the FRB will go negative carry in March 2015, where 3 month financing
rates are forecast to be over 5% (just gets worse and worse from
there). The point here is that mark-to-market accounting is an
iron law. You cannot escape the losses just because you do not report
them. If the FRB loses $200 billion on mark to market,
there will be $200 billion LESS that they remit to the Treasury
Department every year. That will require legislation to either raise
taxes or lower spending by $200 billion (or run up bigger Federal debt
to be paid back by another generation)." Must read analysis.
Even as Bank of America is preparing to restart securitization and thus provide the single greatest gift to creditors the world over, as this is merely the first step in wiping out/transferring yet more trillions in private sector debt, it has done the public a bigger favor by compiling the following list of key terms for all those lost in the current labyrinth of definitions,acronyms and euphemisms. Since following the Goldman legal plight will require a facility with some heretofore quite complex constructs, the following catalog is a must read for all financial novices.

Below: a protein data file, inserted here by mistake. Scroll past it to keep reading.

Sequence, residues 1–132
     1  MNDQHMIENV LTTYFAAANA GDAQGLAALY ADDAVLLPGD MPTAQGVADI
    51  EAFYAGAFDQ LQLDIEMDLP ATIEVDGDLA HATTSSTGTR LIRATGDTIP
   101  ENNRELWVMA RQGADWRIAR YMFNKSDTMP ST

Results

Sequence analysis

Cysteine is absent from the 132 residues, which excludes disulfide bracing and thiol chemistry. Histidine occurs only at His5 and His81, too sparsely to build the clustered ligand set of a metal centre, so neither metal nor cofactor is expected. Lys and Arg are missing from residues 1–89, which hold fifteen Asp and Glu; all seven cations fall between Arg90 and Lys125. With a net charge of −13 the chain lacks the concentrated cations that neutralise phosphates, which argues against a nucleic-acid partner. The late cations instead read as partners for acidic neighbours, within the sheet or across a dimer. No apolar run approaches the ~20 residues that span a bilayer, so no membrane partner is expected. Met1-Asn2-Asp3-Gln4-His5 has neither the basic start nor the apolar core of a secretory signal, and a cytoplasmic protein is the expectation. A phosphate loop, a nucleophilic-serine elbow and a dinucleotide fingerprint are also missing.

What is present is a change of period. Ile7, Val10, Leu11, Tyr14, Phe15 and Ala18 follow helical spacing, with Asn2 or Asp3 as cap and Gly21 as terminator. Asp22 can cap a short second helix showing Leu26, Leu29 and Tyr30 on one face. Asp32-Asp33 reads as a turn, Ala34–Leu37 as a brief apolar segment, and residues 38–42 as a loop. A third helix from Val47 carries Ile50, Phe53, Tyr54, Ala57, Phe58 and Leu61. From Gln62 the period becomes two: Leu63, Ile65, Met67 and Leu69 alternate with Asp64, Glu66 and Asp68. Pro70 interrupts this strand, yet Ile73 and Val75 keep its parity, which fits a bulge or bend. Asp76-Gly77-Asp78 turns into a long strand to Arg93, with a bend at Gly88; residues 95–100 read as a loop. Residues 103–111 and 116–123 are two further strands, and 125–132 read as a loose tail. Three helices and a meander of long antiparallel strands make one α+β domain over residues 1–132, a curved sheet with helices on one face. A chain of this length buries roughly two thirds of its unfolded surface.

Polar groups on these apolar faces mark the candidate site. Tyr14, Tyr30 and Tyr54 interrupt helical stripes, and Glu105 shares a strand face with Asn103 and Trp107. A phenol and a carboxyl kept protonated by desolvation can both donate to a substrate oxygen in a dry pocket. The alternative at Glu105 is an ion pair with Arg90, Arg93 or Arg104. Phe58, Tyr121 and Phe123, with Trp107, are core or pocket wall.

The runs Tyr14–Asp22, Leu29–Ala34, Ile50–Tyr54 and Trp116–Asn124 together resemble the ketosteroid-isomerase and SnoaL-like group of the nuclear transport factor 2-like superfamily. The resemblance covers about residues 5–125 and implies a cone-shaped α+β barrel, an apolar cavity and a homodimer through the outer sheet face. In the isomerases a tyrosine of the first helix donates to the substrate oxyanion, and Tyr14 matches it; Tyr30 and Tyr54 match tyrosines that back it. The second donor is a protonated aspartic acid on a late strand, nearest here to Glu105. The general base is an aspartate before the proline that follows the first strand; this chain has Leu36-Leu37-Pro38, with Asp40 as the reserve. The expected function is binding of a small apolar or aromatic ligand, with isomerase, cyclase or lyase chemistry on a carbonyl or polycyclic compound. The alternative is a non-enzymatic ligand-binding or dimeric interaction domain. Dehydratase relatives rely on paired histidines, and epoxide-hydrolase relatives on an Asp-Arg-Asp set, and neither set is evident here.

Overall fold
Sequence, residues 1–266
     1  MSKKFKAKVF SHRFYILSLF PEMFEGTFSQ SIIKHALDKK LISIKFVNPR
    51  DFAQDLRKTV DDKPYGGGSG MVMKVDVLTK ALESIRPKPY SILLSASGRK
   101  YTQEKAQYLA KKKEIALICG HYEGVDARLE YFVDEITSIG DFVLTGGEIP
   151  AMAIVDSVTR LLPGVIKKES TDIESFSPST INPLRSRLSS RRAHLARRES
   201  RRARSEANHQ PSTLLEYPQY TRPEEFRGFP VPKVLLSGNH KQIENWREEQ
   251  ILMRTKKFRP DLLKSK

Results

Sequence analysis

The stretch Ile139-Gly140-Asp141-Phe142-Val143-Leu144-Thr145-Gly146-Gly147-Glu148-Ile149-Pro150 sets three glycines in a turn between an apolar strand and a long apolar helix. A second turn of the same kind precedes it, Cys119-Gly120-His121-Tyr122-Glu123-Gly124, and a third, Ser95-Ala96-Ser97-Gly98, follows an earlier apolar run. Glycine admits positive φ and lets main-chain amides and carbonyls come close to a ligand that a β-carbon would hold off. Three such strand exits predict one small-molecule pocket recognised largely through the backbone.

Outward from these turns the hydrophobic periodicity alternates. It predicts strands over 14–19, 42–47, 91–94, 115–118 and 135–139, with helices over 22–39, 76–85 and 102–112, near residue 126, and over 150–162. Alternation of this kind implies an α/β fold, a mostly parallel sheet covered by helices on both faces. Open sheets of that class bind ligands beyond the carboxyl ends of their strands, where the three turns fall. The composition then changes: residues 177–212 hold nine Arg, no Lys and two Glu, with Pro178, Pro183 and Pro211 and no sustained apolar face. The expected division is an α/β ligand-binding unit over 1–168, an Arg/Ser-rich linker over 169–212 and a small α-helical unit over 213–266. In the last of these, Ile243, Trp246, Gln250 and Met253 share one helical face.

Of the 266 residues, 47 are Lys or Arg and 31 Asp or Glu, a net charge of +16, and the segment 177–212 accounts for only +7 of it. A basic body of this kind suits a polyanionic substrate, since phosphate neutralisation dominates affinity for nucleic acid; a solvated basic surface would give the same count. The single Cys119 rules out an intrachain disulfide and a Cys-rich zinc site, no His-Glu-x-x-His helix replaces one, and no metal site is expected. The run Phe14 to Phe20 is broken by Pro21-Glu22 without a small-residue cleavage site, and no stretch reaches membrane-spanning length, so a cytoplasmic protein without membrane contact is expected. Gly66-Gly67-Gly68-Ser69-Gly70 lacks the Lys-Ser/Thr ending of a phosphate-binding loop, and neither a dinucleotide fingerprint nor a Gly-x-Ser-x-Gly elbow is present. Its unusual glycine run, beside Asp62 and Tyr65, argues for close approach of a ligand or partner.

Minneapolis Fed President Expects Fed's Balance Sheet To Normalize... By 2020; The Parable Of The Fed And SarahSubmitted by Tyler Durden on 04/06/2010 14:03 -0500
Minneapolis Fed president Narayana Kocherlakota gave a presentation before the Minnesota Chamber of Commerce earlier today. While still following the party line, Kocherlakota continues to demonstrate out of the box type type thinking, which hopefully will push him into the Hoenig camp before it is too late. His biggest warning, which is inline with prevailing common sense arising out of the fact that the Fed's SOMA has a $1 billion DV01, is that Bernanke will have to sell "a nontrivial amount of its MBS holdings if it is to be able to normalize its balance sheet in the next two decades. Such sales might cause untoward jumps in interest rates unless the Federal Reserve is able to credibly commit to a sufficiently slow pace." Yet even Narayana does not see any normalization in the monetary picture until 2020: "I am optimistic that we will be able to normalize our balance sheet by the end of the teens." Which means, no rate hike until 2015 theearliest, and possibly later. And you all thought the Maestro was bad.